Tiffany Platt was tired of the crying that came with trying to wash her young daughters’ hair. Sure, some of those may have been her own stress-induced tears, but Platt was mostly battling stinging, shampoo-filled eyes on her girls.
With a background in mechanical engineering, the Seattle mom went to work designing a solution to a pain point that should be familiar to most parents — when a bath before bedtime turns into a nightmare.
Platt and her family moved to Seattle from San Francisco two years ago. Her husband Cliff took a job with Amazon and Platt took to setting up a new house up and getting the girls — Avery, 6, and Charlotte, 4 — settled. She abandoned a brief job search of her own.
“This idea kind of happened around the same time, and I was like, ‘Screw it, I’m gonna go for it,'” Platt said.
The idea is Shampoo Buddy, a molded plastic hair-rinsing accessory, inspired by salon sinks, that attaches to a countertop or the side of a tub with suction cups. It’s designed to keep a kid’s head tilted back to keep the soap and water out of eyes — and the stress out of hair washing. A Kickstarter for the product went live on Tuesday with a goal of $20,000.
Platt said her younger daughter was the bigger inspiration behind the idea and as a mother she went the route of inventing her own product because she couldn’t find a suitable answer for getting Charlotte to keep her head back.
“There’s all these things you can try. I’ve since read a bunch of stuff about it just to see what everybody else does,” Platt said. “People put stickers on their ceiling — any trick they can do to try to get their kid to actually look up. All of those things on the market are perfect already if your kid can actually follow directions.”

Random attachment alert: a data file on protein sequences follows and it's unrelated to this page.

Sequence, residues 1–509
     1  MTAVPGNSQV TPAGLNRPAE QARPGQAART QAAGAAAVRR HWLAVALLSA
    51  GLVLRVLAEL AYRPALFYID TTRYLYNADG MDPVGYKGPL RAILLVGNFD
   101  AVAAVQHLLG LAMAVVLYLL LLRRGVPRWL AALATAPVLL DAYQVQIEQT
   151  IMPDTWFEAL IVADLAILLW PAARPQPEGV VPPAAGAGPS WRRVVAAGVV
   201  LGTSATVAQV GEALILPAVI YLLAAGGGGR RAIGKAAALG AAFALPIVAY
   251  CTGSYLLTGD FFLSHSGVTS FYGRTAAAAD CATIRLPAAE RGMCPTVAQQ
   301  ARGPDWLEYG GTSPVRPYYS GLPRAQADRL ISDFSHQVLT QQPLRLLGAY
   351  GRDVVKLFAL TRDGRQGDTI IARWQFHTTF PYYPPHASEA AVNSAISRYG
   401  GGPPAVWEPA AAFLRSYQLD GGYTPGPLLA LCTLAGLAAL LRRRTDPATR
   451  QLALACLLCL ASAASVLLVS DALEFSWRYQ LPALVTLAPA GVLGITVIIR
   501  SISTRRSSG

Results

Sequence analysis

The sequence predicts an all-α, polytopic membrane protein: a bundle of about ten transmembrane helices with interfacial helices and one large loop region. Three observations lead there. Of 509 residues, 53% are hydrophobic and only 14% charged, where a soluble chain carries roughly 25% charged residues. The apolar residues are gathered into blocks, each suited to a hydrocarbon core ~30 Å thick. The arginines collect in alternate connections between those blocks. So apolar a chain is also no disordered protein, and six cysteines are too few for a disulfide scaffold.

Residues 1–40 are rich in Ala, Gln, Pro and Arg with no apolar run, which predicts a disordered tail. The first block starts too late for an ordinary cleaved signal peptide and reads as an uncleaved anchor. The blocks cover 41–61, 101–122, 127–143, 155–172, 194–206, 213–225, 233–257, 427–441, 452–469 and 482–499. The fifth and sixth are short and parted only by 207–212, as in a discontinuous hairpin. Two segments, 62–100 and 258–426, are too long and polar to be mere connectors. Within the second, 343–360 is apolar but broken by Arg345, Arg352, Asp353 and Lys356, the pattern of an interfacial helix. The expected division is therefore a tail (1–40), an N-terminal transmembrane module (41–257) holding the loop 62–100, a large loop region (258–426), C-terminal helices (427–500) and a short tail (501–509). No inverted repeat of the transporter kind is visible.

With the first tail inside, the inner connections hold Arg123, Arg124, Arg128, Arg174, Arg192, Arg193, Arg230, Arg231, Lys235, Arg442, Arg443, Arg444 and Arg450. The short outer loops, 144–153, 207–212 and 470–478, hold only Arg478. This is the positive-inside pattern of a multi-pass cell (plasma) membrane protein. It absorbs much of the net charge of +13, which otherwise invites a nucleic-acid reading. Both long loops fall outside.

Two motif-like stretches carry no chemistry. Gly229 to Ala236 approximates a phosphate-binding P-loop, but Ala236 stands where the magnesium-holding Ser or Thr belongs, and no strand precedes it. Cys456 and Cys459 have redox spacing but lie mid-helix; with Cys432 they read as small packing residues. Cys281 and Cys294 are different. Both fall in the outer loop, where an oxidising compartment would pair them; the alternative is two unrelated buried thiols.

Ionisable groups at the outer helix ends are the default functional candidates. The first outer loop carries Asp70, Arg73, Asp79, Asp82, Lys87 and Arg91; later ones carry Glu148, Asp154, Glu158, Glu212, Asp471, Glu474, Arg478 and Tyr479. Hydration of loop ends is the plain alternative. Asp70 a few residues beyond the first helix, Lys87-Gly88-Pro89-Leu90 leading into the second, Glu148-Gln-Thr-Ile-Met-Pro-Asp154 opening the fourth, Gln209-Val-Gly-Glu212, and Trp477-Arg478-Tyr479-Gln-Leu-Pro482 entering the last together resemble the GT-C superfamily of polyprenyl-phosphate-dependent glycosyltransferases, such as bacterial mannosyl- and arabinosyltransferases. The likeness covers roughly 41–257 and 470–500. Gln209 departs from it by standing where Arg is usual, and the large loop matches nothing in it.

Platt said she wasn’t actively looking to design a product to solve the problem until a light went off during a trip to the hair salon.
“I had just kind of resigned myself to the fact that hair washing was going to be a nightmare until they were older,” Platt said. “And then I went to a hair salon to get haircuts for them, and I had kind of started doing that thing where you apologize ahead of time to the person who is about to take care of your kid. But instead of melting down like at home, [Charlotte] just went into the chair and leaned back and she’s like, ‘This is amazing.’ She almost fell asleep while she was getting her hair washed.”
Platt said her jaw was on the floor and she started taking pictures and sending them to her husband, saying, “We need to get a salon sink at home.”
Platt thought for sure that there must already be a product on the market that would replicate that head-back experience without the installation of a custom sink. But she couldn’t quite find what she was looking for.
“So I thought, ‘I’ll just make one myself.'”
The only consumer product experience she had before setting out to make the Shampoo Buddy was during an 8-month stint at Joby, whose signature product is a flexible camera tripod. Now, after almost two years of design and prototyping, she’s ready to test the waters on Kickstarter and see if there is a demand for what she’s come up with.
The earliest backers of the project will be able to get a single Shampoo Buddy for $24. The price rises to $28 after that limited quantity is spoken for. The retail price for the product will eventually be $38. If you happen to run your own store, the biggest offering on Kickstarter is a 10-pack for $190.
Platt’s hope is to eventually see Shampoo Buddy in small and large retailers. The first thing she’ll do after fulfilling her Kickstarter orders is set up a Shopify or Amazon channel for distribution. She also plans to attend the All Kids Expo in Las Vegas this fall and hopefully have a booth.
As for Avery and Charlotte, they’ve already moved on because Shampoo Buddy helped them get over their phobia of hair washing. Platt laughed at the prospect that she might be designing products for years to come to help the girls cope with other discomforts.